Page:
For these things to happen, to a certain extent, you need to stop every now and then and take a look at where your music is and where you are mentally, as you probably shouldn’t stay in the same place forever.
E.g., I experienced pretty high international demand as a DJ for a few years between 2005 and 2009, roughly, traveling all around Europe, USA, and Russia. Even though my music has never been “the most dancefloor” type of music in its genre, it definitely did aim at dancefloor energy to an extent back then, but when I got older and also had to admit that the bookings weren’t coming in like they used to, I felt I wanted to adjust my output accordingly and reassess where I was musically. That felt great and liberating, and I felt more “home” with my music after that, and I found new directions for it and also started working with genres and styles that were new and very relevant to me in terms of where I was mentally.
Bottom line here is that developing and steering your craft takes serious time, faith, effort, and some deliberate thought processes. Any artist capable of producing music on the regular while staying fresh with their style and keeping it moving is a successful artist in my book at least.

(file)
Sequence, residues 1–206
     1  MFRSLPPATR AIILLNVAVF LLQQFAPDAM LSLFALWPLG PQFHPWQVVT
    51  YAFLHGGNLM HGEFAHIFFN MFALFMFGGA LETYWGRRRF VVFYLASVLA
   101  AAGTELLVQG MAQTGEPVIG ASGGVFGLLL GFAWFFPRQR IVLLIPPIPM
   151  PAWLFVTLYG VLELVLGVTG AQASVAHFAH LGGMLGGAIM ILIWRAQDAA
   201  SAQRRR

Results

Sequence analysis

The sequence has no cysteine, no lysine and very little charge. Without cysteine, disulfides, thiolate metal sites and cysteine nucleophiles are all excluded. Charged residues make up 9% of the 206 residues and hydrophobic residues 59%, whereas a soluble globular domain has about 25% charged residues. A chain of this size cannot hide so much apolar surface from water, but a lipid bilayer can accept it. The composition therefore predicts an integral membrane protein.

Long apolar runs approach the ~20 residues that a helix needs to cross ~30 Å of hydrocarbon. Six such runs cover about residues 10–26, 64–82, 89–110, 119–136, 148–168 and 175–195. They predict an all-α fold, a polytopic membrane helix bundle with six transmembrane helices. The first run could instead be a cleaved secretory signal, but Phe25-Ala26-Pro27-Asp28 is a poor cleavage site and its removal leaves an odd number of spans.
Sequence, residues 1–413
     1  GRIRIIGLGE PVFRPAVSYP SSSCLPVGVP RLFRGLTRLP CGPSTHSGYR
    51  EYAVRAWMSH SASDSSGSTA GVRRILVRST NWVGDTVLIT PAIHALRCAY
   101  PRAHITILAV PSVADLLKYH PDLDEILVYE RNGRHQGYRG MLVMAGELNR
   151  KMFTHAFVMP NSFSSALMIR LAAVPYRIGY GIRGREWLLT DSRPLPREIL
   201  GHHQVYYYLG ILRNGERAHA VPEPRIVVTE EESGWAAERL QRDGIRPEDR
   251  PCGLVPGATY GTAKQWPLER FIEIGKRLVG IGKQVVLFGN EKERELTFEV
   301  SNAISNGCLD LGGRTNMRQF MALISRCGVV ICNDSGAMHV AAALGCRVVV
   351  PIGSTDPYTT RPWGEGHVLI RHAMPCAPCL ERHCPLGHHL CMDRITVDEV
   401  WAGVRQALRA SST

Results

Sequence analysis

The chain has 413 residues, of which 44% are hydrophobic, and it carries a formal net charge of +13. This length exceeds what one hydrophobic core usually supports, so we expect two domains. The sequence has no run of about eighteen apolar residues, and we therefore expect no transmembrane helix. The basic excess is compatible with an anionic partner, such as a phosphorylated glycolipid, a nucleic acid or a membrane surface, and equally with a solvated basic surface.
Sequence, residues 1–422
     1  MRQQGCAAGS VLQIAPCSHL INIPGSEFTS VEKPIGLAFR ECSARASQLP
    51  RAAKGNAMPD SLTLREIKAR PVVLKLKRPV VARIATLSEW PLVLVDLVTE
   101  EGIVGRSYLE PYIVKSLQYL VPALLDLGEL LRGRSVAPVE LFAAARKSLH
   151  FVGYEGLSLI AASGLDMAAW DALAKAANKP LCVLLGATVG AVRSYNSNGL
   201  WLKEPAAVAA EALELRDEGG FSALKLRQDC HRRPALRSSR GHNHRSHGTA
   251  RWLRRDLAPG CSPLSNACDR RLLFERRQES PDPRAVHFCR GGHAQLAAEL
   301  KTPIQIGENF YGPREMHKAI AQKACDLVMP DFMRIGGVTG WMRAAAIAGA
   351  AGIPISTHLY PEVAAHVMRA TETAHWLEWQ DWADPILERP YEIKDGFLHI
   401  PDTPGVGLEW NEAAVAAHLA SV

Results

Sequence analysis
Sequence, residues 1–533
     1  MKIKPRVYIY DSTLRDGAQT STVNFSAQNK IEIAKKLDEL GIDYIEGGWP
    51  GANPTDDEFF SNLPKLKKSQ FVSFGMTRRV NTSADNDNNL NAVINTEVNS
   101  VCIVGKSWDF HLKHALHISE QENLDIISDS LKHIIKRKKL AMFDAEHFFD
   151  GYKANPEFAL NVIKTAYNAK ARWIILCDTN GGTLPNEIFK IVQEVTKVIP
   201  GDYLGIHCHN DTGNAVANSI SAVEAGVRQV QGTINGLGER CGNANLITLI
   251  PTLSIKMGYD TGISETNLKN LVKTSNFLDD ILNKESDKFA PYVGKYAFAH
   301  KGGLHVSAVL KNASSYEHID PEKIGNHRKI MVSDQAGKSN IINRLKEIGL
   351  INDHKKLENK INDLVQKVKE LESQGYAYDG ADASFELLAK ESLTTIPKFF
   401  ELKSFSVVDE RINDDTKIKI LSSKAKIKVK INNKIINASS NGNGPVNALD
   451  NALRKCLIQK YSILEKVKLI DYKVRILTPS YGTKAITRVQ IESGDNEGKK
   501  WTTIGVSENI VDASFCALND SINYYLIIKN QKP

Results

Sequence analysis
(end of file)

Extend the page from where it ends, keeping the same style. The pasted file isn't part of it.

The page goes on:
So how do you stay on the above-mentioned grind of success and not get all discouraged and quit? Why do some drop out while some keep doing it regardless? Often, the crucial factor here is that those who seem to be able to do it the longest are those who started doing it out of love and passion for music – they started doing it for themselves in the first place. Then, there are those who start making and playing music to chase gigs, quick fame, and chart positions. It is that type of thinking that offers an easy trip to feeling discouraged, as your enjoyment is mostly dependent on whether you get to play out or if your music sells well or not. I’ve read posts along the lines of “I’ve been making music for X amount of years and haven’t got signed or booked very many times – should I quit?” many, many times, and that stems from the fame-based thinking.